Mercuria Chief: Blockchain Could Cut Oil Market Costs By 30%

The chief executive of Mercuria, one of the world’s largest commodities traders, is bullish on blockchain.

AccessTimeIconOct 14, 2016 at 6:48 p.m. UTC
Updated Sep 11, 2021 at 12:33 p.m. UTC

The chief executive of Mercuria, one of the world’s largest commodities traders, is bullish on blockchain.

The head of the Swiss-based firm appeared earlier this week during an event hosted by Thomson Reuters. In remarks, Mercuria chief executive officer Marco Dunand revealed that he had been engaging with stakeholders on the technology and that, in his belief, it could have a major impact on how commodities are traded and exchanged.

According to Reuters, Dunand told attendees:

"I've seen sufficient bank presentations to believe the technology is there and it's solid. And I believe we’re going to see a digital transformation of the oil and gas industry.”

Dunand’s comments are the first from the oil trading giant, which earned as much as $300m in oil trading profits during 2015, according to Bloomberg.

During the event, Dunand speculated that blockchain-based payments could help significantly cut costs.

"[Brent, Forties, Oseberg, Ekofisk] for instance is a market that has a limited amount of participants, that requires a reasonably solid balance sheet. You could see this type of market going to blockchain payments within the next 12 months," Dunand said. "We think this could reduce costs, certainly on payments, by 30 percent."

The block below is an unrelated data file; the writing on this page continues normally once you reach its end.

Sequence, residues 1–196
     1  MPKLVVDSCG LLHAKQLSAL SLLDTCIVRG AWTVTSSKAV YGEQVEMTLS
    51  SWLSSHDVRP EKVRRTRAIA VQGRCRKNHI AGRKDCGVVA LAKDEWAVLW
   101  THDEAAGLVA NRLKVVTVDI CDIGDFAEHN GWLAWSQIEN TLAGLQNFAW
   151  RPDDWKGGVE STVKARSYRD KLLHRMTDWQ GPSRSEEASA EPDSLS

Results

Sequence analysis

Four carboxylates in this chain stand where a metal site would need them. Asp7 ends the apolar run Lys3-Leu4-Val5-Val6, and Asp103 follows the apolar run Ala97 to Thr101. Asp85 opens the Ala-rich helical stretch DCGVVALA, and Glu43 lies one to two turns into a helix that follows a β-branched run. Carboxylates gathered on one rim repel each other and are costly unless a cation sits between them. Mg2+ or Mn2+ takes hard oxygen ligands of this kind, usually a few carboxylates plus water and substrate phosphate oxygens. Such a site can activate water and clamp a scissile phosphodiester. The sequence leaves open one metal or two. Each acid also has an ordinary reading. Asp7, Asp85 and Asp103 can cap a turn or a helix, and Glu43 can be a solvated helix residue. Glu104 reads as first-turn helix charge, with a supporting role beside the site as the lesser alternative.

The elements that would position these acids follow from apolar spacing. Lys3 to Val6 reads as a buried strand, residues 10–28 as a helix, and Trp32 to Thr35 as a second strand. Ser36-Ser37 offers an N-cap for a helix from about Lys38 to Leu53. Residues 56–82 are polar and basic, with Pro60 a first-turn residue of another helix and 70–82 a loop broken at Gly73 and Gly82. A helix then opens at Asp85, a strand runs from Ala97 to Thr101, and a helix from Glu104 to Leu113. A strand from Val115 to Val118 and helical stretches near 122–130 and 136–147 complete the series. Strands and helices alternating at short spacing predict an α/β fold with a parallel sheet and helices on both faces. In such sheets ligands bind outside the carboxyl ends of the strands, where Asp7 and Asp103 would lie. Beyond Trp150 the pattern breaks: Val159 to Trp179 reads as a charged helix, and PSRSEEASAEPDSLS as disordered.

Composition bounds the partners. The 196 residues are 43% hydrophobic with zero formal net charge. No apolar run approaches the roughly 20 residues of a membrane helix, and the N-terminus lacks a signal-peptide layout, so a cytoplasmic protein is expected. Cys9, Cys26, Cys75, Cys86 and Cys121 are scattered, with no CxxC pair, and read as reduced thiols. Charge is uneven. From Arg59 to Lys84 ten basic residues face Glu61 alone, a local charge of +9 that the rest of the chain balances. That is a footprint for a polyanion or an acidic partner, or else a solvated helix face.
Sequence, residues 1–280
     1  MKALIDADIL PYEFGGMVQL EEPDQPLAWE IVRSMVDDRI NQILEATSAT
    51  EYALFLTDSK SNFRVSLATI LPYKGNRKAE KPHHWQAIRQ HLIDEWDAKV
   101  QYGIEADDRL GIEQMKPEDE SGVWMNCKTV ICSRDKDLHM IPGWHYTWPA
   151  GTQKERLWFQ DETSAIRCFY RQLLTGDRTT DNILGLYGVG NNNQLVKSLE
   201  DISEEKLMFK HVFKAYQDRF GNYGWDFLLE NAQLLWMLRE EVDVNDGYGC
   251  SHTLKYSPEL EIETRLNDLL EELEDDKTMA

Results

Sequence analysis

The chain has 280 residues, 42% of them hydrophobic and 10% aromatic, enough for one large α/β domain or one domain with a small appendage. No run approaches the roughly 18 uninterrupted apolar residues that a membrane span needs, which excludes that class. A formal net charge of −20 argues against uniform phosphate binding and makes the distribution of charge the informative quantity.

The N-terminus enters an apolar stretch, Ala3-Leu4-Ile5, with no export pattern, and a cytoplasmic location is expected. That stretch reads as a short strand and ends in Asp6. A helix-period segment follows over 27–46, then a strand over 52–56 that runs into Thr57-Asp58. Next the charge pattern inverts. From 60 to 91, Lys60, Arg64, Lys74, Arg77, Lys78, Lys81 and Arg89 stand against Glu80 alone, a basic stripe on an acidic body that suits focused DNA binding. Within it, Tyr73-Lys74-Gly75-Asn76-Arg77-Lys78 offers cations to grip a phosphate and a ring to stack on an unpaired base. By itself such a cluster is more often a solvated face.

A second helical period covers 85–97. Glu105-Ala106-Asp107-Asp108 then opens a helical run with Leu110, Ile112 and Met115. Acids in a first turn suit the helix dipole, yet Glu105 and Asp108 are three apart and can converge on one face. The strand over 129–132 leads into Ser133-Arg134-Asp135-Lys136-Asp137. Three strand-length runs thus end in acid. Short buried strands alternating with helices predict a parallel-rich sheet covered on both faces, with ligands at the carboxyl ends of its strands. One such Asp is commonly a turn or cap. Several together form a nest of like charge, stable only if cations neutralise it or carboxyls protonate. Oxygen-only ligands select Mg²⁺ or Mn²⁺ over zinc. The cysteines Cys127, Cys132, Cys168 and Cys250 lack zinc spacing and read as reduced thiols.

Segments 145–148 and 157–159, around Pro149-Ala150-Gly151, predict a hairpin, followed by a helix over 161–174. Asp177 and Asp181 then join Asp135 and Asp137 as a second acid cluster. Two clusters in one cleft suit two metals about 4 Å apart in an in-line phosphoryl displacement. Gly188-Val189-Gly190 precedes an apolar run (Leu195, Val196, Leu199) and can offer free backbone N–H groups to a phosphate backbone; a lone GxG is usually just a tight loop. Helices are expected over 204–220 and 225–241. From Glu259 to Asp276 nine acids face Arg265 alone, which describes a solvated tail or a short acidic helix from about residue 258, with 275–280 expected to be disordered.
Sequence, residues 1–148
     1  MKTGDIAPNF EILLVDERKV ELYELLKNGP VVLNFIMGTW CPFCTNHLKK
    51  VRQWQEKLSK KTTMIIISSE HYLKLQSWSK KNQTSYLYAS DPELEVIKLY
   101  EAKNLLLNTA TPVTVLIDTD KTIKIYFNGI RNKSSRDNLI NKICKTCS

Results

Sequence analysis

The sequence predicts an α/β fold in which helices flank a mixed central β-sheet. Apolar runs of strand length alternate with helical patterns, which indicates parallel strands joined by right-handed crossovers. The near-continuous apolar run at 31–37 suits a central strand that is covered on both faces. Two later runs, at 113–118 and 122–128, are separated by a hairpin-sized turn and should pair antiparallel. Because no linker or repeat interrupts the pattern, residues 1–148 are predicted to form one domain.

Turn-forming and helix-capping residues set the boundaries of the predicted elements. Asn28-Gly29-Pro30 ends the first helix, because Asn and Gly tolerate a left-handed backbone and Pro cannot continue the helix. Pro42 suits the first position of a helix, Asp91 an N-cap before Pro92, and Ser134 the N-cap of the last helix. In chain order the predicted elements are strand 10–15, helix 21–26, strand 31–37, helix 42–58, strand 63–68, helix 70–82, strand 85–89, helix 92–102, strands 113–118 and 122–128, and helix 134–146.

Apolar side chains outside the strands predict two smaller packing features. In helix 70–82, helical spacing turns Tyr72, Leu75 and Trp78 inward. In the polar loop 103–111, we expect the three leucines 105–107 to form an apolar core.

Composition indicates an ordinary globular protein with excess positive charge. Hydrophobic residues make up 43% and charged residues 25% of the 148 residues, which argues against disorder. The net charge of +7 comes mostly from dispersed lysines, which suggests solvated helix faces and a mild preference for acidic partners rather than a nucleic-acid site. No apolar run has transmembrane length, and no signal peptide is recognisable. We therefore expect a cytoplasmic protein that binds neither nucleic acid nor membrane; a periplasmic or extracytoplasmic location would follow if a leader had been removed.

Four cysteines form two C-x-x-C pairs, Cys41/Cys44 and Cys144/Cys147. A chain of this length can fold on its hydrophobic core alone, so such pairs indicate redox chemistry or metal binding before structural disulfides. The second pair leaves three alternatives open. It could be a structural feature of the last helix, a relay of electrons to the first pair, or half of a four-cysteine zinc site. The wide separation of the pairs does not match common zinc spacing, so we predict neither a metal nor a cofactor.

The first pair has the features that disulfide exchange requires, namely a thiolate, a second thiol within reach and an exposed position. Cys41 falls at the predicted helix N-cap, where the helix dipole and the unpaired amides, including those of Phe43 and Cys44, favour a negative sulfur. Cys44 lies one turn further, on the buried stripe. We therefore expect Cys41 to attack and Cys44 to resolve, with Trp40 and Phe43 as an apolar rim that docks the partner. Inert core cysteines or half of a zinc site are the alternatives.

At the same time, adoption won't happen quickly unless more firms come together to collaborate on the development of any future blockchain networks tied to the oil market.

"We could adapt it fast, but you need a certain amount of participants in the industry to get it going," he told attendees.

Commodities exchanges worldwide have already begun looking at how they can apply blockchain to their own operations. Organizations like the CME Group and Dubai Multi Commodities Centre, for example, have spent much of the past year testing the technology in a bid to cut costs and improve how their markets work.

Image via FT/YouTube


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